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By Cally Guerin

I’ve had the opportunity to read lots of interesting papers written by doctoral students and colleagues lately, as well as reviewing journal articles. As I work through the various pieces of writing and line them up against each other, the styles used in different genres are clearly evident. This is especially noticeable when a paper doesn’t quite produce what one would expect of that genre. One of the challenges for any author working across a range of genres is adapting one’s own style to suit the current writing task. In particular, I’ve been noticing a tension between the more leisurely, discursive manner of a thesis, and the brisk pace of the journal article that needs to get to the point much more quickly and efficiently.

Having started my academic life in the world of feminist literary criticism, I find I’m drawn to the style of writing that takes its time to unpack each point of the argument in detail. But I’m torn between that and wanting to get to the main point quickly – like everyone else, I’ve got a lot of other stuff to read too! If the idea can be expressed adequately in 5 words, then why use 15 to make the same point? And too often, it seems that those extra 10 words are padding formed from empty jargon that poses as ‘intellectual’ but doesn’t really say much at all.

I think the ability to write in different genres (thesis, journal article, book chapter) is one of the difficult challenges facing doctoral students, who are expected to understand the differences of genre in quite nuanced ways in order to pitch their work to different audiences and different outlets. I’m very much in favour of the thesis by publication, and advocate that format most of the time. For those who plan to work in universities or in research institutes that require publication in academic journals, there are great benefits in learning how to write articles, and how to negotiate the reviewing and publishing process. Most will only need to write a thesis once, but will need to know how to write articles repeatedly during their research careers.

But just lately I’ve noticed a sneaking feeling forming deep beneath my general conviction that thesis by publication is mostly helpful. I’ve been wondering what might be lost along the way if the traditional thesis format is abandoned. Where else does one have licence to follow through on the fine detail of intellectual thought, to expound at length on a complex theory, or to work through the digressions and tangents that surround the core ideas?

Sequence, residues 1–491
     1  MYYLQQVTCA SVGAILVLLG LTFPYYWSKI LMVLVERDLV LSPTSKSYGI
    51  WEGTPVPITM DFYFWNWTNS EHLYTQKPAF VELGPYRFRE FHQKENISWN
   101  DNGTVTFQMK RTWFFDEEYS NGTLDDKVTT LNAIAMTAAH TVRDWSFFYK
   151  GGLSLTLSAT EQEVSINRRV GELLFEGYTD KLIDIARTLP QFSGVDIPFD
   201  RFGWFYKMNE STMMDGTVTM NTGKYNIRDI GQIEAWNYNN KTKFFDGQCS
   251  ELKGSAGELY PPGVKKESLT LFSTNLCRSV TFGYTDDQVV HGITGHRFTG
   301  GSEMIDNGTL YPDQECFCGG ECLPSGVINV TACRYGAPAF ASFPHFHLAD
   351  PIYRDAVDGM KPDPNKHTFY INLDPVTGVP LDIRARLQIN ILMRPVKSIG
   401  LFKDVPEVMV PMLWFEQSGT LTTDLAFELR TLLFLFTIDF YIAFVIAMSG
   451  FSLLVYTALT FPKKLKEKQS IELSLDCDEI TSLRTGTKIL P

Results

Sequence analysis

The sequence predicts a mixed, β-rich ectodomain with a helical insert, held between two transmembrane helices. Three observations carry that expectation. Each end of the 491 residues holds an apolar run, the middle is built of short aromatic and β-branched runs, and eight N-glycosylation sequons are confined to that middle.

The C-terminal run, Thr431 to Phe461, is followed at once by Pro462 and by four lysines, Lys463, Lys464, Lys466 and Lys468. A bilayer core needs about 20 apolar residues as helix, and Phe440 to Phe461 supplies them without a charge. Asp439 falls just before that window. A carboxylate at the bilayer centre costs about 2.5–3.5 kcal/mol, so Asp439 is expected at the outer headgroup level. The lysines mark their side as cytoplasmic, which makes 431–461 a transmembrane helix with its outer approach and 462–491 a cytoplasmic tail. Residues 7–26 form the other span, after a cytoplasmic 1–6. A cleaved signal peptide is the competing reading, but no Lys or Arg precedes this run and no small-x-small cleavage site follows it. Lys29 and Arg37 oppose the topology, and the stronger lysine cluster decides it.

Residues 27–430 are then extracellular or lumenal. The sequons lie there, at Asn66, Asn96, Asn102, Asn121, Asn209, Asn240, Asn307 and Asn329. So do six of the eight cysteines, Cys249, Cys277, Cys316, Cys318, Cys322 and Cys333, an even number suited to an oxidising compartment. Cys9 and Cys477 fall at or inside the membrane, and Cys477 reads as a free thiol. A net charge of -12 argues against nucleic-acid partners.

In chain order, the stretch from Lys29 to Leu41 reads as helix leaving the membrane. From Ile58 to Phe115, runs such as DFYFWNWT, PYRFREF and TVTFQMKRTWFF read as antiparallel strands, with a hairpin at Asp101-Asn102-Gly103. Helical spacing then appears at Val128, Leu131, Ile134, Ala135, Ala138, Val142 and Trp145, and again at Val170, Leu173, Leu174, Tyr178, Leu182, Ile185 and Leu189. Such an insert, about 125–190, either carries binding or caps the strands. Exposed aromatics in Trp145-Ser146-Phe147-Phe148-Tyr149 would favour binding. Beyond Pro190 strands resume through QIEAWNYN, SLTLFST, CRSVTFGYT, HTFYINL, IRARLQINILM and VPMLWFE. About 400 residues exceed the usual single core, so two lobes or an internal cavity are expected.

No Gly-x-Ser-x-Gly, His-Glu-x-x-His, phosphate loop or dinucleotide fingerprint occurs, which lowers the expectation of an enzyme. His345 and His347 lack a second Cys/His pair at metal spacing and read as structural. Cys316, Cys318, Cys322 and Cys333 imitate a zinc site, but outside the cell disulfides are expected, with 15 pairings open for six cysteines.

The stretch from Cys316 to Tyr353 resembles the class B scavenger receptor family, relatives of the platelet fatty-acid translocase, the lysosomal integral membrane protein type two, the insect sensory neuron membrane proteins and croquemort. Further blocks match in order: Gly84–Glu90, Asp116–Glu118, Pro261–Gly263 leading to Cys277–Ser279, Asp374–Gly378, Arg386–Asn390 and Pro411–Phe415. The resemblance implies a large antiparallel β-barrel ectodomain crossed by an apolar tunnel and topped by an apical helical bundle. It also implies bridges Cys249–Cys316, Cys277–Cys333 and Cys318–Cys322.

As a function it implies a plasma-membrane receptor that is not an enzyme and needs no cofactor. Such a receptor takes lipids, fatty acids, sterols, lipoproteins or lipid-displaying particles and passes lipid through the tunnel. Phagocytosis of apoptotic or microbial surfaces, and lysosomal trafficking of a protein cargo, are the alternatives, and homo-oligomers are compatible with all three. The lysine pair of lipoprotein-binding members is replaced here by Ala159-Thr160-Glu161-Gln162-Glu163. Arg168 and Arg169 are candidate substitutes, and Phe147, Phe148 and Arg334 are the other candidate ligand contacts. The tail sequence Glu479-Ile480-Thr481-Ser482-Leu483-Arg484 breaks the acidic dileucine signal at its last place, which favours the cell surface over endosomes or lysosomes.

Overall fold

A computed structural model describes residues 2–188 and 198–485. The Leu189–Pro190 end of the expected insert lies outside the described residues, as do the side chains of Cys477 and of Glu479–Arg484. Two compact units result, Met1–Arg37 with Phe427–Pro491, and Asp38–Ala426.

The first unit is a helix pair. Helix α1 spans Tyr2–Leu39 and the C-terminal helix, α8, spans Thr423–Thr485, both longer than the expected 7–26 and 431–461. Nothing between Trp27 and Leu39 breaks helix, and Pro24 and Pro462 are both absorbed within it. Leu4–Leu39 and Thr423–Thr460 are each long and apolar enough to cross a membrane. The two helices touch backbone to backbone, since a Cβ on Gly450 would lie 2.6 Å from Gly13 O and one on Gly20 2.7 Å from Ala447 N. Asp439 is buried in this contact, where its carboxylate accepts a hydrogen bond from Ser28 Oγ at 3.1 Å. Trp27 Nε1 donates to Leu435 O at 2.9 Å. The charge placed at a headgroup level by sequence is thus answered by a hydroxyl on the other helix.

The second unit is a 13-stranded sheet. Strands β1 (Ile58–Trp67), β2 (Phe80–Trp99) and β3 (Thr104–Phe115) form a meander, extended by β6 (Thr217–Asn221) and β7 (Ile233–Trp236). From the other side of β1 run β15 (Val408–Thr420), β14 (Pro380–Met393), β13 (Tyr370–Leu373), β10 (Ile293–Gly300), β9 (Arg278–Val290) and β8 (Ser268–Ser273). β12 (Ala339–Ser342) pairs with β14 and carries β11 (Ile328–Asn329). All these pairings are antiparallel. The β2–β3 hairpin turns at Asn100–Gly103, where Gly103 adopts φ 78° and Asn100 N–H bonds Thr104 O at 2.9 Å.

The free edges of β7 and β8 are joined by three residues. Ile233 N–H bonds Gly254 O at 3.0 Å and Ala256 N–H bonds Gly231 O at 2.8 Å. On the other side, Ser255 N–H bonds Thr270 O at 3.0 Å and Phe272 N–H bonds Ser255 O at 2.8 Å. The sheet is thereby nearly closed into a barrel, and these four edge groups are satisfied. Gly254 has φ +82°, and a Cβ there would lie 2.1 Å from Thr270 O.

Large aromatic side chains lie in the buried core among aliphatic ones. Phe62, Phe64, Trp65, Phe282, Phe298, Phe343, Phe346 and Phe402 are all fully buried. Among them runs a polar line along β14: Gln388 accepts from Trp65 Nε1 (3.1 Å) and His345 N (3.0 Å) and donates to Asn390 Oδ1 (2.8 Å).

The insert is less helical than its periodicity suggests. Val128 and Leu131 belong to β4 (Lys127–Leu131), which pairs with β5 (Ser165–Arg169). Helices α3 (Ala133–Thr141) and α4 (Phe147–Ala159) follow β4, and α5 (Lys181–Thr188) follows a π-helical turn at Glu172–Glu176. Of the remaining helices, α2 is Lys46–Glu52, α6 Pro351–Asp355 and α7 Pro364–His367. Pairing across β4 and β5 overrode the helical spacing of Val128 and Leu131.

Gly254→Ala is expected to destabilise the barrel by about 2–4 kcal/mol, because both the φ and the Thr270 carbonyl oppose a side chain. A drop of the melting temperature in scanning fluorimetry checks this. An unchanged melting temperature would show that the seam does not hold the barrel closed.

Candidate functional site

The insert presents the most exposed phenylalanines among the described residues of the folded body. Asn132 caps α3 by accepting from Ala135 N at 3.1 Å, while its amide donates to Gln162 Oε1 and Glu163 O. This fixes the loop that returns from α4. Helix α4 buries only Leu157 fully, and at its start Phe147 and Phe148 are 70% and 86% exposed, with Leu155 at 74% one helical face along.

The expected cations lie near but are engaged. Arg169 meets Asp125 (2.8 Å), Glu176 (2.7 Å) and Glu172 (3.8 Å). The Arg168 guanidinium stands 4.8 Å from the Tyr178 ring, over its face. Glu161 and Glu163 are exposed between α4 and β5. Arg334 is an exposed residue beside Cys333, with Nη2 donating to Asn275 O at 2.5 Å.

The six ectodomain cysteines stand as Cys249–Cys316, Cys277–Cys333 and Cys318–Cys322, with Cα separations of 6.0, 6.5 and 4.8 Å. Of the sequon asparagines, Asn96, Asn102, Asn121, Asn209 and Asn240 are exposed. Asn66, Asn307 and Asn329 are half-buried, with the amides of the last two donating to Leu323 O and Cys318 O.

And there are some very good reasons why we don’t always want scholarly work to be constrained by the demands of contemporary publishing practices, of tight word restrictions imposed by journals, or the costs of printing hard copies within the traditions of how many pages the existing machinery can bind together. Not everything can be fitted into such tight spaces; not all writing needs to be quite so dense. Maybe this represents one area in which inexpensive publishing in electronic media becomes so important in disseminating extended excursions into intellectual thought—a few more pages (maybe even quite a few) might not cost much more, but allows for the longer discussion of an idea. This extra space could apply to longer journal articles just as much as to books that otherwise would not find a publication outlet.

Perhaps this all points to the strengths of a PhD thesis format that allows for a combination of published papers and the more conventional framing chapters (sometimes referred to as a ‘thesis with publications’ or ‘hybrid’ – see Jackson 2013; Sharmini et al. 2014). Here the big introductory, context-setting chapter allows for more extensive philosophising on the topic. That’s the place to take up the more leisurely style of careful unpacking of big ideas. But the shorter, neater, more concise representation of the findings can be found in the article-length chapters forming the middle of the thesis.

This preference for different kinds of writing might also mark a tension between scientific and humanities writing. There’s obviously a place for the beautifully crafted sentence in science writing – and certainly, poetry can find a place in science – but it doesn’t always have to take a lot of words to get there!